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VIDEO - Protesting: From Manchester to Utrecht

  • In the first of 6 articles on our international collaborations series, NQ's Rami Mwamba looks into the rise of protesting, especially that of Black Lives Matter, a recently formed protest movement in the wake of murders of black American citizens by American police. 

Protesting is an integral part of any society, modern day, or old. Protests have been documented, written about, videoed, quashed and proven successful since records began.

Whether it be about police brutality and teacher wages, or Arsenal fans calling for their football managers sacking and thousands of McDonald's regulars protesting the exclusion of their favourite sandwich from the menu, the people have always exercised their right to protest, or in some cases, risked their lives to do so.

Its been no different in the past few years with the rise of the Black Lives Matter movement, a movement created to raise awareness about police brutality towards African and Latin American men and women, following a slew of high-profile cases such as Mike Brown, Eric Garner, Rekia Boyd and Sandra Bland.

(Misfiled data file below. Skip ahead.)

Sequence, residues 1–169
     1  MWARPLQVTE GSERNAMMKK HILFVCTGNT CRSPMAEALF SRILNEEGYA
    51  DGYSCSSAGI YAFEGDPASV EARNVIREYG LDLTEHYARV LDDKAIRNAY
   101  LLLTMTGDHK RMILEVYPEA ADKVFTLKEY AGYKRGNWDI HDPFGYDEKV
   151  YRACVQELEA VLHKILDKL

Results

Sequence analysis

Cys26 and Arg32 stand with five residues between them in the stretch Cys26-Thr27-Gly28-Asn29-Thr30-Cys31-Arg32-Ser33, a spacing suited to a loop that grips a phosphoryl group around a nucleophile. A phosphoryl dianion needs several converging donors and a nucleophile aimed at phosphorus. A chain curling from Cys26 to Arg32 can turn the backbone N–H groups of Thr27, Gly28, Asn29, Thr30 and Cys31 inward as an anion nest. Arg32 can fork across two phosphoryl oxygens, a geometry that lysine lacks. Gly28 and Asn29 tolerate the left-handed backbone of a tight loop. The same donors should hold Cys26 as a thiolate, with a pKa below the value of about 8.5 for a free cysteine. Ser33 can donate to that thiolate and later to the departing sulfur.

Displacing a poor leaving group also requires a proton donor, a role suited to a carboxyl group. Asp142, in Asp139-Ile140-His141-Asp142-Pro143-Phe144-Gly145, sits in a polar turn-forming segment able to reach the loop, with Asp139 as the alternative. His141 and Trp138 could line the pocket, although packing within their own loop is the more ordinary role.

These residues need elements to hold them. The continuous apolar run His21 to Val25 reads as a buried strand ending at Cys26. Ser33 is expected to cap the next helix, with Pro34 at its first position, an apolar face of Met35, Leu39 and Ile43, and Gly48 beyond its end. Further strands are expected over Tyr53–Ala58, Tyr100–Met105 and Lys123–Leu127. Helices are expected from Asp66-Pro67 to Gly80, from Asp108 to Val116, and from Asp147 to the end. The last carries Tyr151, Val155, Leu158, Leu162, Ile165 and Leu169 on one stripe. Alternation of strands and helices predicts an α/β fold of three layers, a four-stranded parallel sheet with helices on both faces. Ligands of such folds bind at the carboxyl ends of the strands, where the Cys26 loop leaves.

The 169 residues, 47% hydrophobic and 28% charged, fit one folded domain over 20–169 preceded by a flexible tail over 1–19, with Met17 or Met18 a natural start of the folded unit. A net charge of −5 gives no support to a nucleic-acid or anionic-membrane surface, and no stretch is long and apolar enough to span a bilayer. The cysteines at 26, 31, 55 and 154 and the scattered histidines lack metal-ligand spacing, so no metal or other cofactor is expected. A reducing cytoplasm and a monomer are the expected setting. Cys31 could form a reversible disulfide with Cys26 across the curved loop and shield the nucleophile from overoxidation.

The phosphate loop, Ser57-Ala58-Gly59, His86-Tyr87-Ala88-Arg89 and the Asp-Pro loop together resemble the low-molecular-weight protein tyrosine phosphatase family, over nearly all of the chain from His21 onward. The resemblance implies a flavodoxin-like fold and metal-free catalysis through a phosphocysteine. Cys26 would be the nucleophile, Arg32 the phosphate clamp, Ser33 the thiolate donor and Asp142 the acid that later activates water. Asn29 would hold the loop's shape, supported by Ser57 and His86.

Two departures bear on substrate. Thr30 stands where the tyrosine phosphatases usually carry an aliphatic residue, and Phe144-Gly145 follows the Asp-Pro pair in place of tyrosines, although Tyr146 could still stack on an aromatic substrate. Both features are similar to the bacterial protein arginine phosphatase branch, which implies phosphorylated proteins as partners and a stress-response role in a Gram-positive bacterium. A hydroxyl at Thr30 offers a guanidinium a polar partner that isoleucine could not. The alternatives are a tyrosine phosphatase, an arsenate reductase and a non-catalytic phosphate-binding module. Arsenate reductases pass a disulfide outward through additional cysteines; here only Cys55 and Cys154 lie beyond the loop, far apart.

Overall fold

The movement has become a global one, the Ferguson riots that took place in the heat of August 2014 encapsulated the United States, and the world around it, gaining detractors, and supporters from places like the UK itself and even as far as Palestine.

The International Converged Newsroom of Utrecht University and Manchester Metropolitan Students decided to take a look at its impact between the two cities, as well as the subject of protesting as a whole and how it compares and contrasts between the cities.

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